From St. Rèmy venture to the cliffside Medieval village of Les Baux-de-Provence, a stunning cliffside fortress since the Bronze Age where you can spend the afternoon wandering the winding streets, shopping for souvenirs, and exploring the breathtaking views and ancient temple at the top. This village is so beautiful and so full of history, we decided to spend a full day here. Don’t forget to take in the multimedia show Carrières de Lumière as the sun goes down; the show is always changing and focuses on incorporating history and art.
Tip: Wear comfortable, flat shoes here. The village sits at the top of nearly one hundred stairs from some of the parking areas and the streets in the village are steep and worn smooth. A tiny, elderly French woman was making her way down and looked so unstable, I offered her my arm and we walked the rest of the way arm in arm.
Châteauneuf-du-Pape & Avignon
Châteauneuf-du-Pape was the Pope’s “new” country palace, away from the politics and spying eyes in Avignon. There are only ruins left now (John and I are standing beside it above) but it’s worth the walk up to see the interior arches of the palace and the beautiful view over the valley the Pope would have had. Châteaneuf-du-Pape is now a world-renowned region for wine, especially red wine made from grenache grapes. The region is an AOC or Appellation d’Origine Contrôlée, subject to strict standards and quality control for the best wine production possible. In 2010, there were just over 300 wine producers, so this makes the Châteauneuf-du-Pape wine a bit more rare and special. It’s because of this I would recommend doing a vineyard tour and tasting here. We toured the beautiful Château de Vaudieu vineyard and were even able to witness the grape harvest in action before sitting down to a wine tasting with our tour guide.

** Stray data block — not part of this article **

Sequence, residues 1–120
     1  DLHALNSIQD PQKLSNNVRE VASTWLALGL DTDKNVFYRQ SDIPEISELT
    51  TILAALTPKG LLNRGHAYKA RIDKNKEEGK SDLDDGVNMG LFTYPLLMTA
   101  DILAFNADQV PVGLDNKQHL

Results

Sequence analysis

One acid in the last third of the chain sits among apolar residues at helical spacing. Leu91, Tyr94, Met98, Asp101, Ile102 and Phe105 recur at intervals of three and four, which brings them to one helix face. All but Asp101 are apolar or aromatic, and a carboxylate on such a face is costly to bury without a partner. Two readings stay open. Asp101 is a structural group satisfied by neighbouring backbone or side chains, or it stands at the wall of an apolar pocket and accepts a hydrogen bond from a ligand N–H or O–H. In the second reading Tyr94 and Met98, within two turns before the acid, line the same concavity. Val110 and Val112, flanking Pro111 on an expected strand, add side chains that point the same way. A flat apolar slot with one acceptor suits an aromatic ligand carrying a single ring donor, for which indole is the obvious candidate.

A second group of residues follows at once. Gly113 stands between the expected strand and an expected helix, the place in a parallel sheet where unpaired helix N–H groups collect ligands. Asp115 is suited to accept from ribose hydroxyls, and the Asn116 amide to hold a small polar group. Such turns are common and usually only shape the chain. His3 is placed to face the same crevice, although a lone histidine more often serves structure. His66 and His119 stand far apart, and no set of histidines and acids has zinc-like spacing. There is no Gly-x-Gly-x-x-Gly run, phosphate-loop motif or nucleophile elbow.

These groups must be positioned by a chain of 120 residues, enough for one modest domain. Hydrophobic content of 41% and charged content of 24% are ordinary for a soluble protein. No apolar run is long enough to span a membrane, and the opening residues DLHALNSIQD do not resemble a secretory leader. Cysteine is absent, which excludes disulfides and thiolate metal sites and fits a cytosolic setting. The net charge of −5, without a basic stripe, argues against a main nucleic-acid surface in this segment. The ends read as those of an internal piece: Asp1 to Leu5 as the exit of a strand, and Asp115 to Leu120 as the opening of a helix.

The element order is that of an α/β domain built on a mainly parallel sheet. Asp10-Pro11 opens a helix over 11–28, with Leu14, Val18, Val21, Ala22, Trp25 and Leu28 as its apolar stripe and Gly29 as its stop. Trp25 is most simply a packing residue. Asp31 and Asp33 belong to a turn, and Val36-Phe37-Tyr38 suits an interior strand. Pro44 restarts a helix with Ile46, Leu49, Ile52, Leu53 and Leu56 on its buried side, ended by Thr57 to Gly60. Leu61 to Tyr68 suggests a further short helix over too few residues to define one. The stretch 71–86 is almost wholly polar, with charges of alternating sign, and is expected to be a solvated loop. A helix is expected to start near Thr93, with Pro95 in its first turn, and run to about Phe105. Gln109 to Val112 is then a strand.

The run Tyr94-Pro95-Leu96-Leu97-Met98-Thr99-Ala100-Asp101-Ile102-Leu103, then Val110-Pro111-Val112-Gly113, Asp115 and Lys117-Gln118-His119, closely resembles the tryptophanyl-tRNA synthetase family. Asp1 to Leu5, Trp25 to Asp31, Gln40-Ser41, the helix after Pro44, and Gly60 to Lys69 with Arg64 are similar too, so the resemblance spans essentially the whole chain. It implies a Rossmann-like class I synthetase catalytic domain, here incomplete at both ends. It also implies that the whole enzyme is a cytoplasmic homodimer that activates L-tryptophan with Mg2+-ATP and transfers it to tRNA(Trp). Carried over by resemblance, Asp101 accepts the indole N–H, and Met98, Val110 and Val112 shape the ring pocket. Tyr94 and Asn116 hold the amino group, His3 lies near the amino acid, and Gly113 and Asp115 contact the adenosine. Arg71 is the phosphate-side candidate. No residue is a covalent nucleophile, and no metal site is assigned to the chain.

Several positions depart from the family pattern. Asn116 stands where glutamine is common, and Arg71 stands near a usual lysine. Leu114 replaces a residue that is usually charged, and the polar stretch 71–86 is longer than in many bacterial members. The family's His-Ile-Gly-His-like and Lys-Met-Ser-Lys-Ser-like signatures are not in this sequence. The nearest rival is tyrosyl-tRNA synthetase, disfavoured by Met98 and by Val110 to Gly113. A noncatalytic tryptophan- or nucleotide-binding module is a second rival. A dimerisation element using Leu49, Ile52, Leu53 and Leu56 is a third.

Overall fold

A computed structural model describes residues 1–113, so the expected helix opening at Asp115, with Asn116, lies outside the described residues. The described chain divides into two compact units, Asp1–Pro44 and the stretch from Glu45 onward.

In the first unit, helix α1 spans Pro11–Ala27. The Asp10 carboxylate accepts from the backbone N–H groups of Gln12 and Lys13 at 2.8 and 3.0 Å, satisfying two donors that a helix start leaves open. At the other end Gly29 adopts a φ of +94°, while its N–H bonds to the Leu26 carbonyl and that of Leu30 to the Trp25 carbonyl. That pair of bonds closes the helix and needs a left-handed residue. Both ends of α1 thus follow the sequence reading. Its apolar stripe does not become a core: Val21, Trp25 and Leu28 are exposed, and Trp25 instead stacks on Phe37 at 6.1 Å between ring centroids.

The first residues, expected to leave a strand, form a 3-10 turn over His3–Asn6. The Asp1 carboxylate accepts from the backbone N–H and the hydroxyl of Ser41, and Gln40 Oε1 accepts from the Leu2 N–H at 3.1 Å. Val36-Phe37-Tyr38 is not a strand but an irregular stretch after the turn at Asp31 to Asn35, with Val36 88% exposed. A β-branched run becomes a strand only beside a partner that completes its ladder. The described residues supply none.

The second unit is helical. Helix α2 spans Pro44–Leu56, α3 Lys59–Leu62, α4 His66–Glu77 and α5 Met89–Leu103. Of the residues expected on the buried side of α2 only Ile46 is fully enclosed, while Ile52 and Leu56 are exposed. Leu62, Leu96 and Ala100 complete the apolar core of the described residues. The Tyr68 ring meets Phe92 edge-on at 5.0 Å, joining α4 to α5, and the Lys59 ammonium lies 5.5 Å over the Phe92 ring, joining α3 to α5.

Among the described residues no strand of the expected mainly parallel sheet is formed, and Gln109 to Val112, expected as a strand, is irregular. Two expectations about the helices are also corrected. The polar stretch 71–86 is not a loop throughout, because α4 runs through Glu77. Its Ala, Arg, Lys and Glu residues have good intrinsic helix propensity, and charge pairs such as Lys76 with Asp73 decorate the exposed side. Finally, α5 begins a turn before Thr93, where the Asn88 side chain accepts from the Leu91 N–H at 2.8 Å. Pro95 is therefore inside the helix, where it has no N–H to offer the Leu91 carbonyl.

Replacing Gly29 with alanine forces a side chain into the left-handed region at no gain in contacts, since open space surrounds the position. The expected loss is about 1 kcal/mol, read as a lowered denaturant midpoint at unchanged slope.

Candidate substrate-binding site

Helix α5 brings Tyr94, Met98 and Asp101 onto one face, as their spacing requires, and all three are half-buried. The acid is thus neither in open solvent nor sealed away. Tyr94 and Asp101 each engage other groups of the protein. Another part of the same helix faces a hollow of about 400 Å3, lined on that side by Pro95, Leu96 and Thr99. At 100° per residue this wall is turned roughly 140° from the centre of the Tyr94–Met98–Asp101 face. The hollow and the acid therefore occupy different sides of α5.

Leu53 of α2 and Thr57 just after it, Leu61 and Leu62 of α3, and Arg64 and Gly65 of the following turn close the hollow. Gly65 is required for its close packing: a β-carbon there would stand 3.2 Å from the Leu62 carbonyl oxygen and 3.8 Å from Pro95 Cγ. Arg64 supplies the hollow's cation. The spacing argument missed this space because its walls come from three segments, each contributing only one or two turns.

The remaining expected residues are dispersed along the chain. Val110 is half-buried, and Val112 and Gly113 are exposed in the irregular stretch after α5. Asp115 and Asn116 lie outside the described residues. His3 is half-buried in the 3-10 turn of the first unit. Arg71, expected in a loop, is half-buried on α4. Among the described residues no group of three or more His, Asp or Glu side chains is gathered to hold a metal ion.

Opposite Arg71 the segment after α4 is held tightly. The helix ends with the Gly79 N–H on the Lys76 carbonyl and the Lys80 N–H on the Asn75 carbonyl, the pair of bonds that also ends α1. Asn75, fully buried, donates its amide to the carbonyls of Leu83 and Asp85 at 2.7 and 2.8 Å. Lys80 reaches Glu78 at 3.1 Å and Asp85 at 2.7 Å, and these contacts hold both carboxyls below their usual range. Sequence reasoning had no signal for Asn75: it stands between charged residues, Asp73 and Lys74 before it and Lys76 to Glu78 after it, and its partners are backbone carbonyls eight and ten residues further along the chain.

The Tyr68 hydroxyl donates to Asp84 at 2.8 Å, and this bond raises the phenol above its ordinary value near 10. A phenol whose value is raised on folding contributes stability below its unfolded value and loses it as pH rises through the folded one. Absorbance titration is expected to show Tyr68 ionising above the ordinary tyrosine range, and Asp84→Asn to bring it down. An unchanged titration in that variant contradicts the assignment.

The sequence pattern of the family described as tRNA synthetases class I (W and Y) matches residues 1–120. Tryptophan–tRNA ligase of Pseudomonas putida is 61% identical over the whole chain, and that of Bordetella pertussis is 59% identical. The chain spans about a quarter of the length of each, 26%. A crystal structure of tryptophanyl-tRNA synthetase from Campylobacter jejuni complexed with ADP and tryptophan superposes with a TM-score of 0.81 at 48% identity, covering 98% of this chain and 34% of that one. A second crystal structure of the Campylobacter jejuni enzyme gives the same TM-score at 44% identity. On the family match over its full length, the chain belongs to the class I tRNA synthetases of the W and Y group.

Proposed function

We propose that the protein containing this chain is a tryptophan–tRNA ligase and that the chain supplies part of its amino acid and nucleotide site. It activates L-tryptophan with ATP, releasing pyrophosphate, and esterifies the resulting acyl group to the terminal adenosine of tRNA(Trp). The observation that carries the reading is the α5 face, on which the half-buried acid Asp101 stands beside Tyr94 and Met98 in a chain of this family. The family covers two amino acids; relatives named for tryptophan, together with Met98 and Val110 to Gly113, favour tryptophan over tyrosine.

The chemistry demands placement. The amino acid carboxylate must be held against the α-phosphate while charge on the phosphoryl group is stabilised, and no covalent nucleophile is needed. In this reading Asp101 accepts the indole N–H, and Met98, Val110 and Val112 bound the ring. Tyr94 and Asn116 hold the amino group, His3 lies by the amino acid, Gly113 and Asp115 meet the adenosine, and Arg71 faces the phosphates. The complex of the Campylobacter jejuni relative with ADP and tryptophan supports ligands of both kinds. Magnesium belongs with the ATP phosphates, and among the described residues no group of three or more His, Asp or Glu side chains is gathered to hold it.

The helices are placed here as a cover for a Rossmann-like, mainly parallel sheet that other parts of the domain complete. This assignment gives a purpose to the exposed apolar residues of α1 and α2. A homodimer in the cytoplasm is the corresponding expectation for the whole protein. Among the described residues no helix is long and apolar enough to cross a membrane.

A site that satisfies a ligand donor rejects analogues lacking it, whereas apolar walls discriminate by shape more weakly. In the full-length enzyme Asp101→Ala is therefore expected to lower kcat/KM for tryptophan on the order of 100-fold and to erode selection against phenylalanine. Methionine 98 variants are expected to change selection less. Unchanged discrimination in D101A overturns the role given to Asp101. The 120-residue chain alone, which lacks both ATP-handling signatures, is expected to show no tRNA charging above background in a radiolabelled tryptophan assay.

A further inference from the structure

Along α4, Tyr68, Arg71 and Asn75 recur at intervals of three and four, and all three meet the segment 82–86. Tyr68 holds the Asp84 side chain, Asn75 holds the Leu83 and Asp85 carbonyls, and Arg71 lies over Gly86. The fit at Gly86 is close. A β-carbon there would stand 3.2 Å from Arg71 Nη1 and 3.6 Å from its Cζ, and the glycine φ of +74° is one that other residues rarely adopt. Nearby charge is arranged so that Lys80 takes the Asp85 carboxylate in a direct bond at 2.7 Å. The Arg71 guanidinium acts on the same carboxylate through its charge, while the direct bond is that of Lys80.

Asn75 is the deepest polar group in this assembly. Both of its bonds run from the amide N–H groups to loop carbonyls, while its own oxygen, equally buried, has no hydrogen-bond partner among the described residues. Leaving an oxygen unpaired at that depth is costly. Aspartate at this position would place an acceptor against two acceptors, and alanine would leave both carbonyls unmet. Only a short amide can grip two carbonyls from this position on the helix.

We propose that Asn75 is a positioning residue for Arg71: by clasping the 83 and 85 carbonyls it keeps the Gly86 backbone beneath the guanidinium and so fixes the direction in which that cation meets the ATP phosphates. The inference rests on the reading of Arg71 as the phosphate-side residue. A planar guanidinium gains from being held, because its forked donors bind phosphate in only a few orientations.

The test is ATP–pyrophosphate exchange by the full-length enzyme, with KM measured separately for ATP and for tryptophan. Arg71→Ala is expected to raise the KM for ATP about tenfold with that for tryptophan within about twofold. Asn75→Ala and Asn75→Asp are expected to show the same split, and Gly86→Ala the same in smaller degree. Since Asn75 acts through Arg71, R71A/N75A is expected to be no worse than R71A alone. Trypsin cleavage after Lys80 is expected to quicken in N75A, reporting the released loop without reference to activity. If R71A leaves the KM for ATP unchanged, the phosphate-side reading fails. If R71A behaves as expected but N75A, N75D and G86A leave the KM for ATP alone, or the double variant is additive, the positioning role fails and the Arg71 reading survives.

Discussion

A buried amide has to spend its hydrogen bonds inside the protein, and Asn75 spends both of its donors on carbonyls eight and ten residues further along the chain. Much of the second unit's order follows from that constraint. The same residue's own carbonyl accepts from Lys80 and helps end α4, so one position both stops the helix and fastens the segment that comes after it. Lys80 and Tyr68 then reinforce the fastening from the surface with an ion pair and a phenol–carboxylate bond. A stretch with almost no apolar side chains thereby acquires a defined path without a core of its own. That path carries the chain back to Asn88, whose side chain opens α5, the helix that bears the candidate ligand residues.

Another suggestion for this area is to take a tasting with a master sommelier; they aren’t tied to a particular winemaker and will be able to teach you a bit more about the different fragrances, flavors, and textures in the local wines. I would recommend Guy Brémond at Les Caves St. Charles. He offers cooking classes at his wine shop as well.
We enjoyed lunch with a view at Hostellerie des Fines Roches before heading to Avignon to tour the Pope’s Palace. Take the iPad tour; it brings the space to life as it was centuries ago. Our friends have told us the Avignon market is quite nice as well, but it wasn’t being held the day we visited.
Gordes & Menerbes
Gordes and Menerbes are two of my favorite villages we visited in the Luberon Valley. Gordes is a Medieval village that appears to be cascading down the cliffside. It offers beautiful vantage points for photography, lovely shops (take a peek at ISA near Le Bastide hotel), and a lively market. Menerbes is nearby and offers twisting, winding streets and a breathtaking view from the top of the village near the famous Truffle House. Stop at Bistrot le 5 in Menerbes for a delicious lunch and another beautiful view. Shop at Sacha Décoration Mode for beautiful European clothes for both men and women. These villages are less about sightseeing and more about relaxing, wandering, souvenir shopping, and beautiful photography opportunities. We didn’t use a tour guide on these days; we just drove with a Spotify “French Café” playlist and the windows down and wandered at our own leisure. It was the perfect way to experience them.